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Chris-Pin Martin

From Wikipedia, the free encyclopedia

Chris-Pin Martin
Chris-Pin Martin in American Empire (1942)
Ysabel Ponciana Chris-Pin Martin Paiz

(1893-11-19)November 19, 1893
DiedJune 27, 1953(1953-06-27) (aged 59)

Chris-Pin Martin (born Ysabel Ponciana Chris-Pin Martin Paiz, November 19, 1893 – June 27, 1953) was an American character actor whose specialty lay in portraying comical Mexicans, particularly sidekicks in The Cisco Kid film series.[1] He acted in over 100 films between 1925 and 1953, including over 50 westerns.[2]

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Martin was born in Tucson, Arizona, when Arizona was still a territory, the son of Toro "Bull" Martin, a Yaqui indian, and Florencia Paiz, a woman of Mexican descent. of southern Arizona and northern Sonora, Mexico.[3] He started working in Hollywood in 1911, as an extra for Universal Studios, and also worked as a recruitment agent ("runner") for hiring Latino and Latina extras needed for specific films at Hollywood studios.[4][3]

In 1922, Martin produced a film, Tepee Love, a romance, starring Martin and Dolores Contreras. The film played in Glendale, California, and Burbank, California, in 1922; a second film project never was finished.[5] By 1925, Martin had become a frequent, although unnamed character, in silent movies. His roles were as a bumbling or slow comedic character who spoke in broken English.

Martin's most remembered western film role was in nine of the Cisco Kid films playing the Kid's sidekicks Gordito and in the later films Pancho.[6] He also appeared in the John Ford classic Stagecoach (1939) with John Wayne. He was credited in his films by other names, as well, including Chrispin Martin, Chris King Martin, Chris Martin, Cris-Pin Martin, and Ethier Crispin Martini.[citation needed]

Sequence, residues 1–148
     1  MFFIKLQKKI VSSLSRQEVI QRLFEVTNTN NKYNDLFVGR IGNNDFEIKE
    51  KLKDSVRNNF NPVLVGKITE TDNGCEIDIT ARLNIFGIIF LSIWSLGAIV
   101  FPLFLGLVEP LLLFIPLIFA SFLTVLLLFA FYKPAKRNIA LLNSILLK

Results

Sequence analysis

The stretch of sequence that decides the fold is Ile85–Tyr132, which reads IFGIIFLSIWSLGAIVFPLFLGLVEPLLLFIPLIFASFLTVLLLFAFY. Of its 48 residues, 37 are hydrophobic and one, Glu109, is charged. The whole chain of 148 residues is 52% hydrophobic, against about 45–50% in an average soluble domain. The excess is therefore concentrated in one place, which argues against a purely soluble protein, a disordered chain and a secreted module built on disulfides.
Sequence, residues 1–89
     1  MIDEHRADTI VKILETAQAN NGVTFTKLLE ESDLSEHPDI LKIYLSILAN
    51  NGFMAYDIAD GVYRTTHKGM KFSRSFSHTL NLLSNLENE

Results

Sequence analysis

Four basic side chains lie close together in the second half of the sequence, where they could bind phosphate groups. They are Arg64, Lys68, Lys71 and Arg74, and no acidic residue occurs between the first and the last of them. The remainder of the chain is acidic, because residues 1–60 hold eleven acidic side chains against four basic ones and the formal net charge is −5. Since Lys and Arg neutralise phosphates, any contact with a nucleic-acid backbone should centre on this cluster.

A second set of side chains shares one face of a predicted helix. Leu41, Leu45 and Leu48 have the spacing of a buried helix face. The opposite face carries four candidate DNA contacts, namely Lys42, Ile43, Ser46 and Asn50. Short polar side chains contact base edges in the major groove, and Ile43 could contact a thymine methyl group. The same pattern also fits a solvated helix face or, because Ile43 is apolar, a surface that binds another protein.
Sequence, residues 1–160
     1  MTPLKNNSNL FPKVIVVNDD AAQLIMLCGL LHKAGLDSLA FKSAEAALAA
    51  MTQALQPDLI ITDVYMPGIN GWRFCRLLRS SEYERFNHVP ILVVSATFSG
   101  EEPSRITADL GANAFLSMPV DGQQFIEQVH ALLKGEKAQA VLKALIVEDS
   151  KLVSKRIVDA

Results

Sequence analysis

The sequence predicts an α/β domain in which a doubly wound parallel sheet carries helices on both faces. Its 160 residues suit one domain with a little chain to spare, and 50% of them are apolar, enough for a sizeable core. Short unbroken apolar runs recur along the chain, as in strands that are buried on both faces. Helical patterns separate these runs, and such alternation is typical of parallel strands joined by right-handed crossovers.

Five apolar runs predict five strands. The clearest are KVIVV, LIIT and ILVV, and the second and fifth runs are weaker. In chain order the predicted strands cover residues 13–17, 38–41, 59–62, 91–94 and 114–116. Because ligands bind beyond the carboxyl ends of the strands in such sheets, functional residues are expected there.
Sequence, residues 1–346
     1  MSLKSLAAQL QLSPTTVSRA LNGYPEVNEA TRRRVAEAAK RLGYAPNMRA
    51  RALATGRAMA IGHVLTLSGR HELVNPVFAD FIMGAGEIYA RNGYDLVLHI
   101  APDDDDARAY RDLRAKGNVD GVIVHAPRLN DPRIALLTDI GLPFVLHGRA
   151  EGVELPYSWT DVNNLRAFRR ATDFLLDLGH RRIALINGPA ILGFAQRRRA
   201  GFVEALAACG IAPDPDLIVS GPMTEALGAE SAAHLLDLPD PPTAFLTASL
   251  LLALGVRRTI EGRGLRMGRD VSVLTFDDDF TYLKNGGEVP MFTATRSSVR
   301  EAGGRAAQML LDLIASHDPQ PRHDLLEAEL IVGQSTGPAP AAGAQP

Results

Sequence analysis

Martin was adept in both drama and comedy, in films like the melodramatic The Ox-Bow Incident (1943) as "Poncho" the Mexican who reluctantly becomes a part of a lynch mob and a contrite confessor. In A Millionaire for Christy (1951) Martin plays a brief but memorable role as "Manolo", a Mexican who speaks no English.


Less than five months before his 60th birthday, Martin died of a heart attack while addressing a Moose lodge meeting in the Los Angeles suburb of Montebello.[7][8]

Selected filmography


  1. ^ Chris-Pin Martin at "Saddle Pals & Sidekicks" section of B-Westerns
  2. ^ Rivera-Viruet, Rafael J.; Resto, Max (2008). Hollywood-- se habla español: a brief glance at Hispanics in Hollywood films yesterday, today and tomorrow. New York: Terramax Entertainment Pub. p. 72. ISBN 978-0-9816650-0-9.
  3. ^ a b Reyes, Luis I. (2022). Viva Hollywood: The Legacy of Latin and Hispanic Artists in American Film. Running Press Adult. ISBN 978-0762478484.
  4. ^ Rowan, Terry (2012). The American Western A Complete Film Guide. p. 261. ISBN 978-1300418580.
  5. ^ Agrasánchez, Rogelio (2010). Guillermo Calles: a biography of the actor and Mexican cinema pioneer. Jefferson, N.C: McFarland & Co. p. 45. ISBN 978-0-7864-4945-3.
  6. ^ Hadleigh, Boze (2007). Mexico's Most Wanted : The Top 10 Book of Chicano Culture, Latin Lovers, and Hispanic Pride. Potomac Books Inc.
  7. ^ Matheson, Sue (2019). The John Ford Encyclopedia. Rowman & Littlefield. p. 203. ISBN 9781538103821.
  8. ^ His death record can be found here Archived 2008-01-18 at the Wayback Machine by searching for Chrispin Martin with Paiz as the mother's maiden name.

External links

This page was last edited on 20 May 2024, at 05:35
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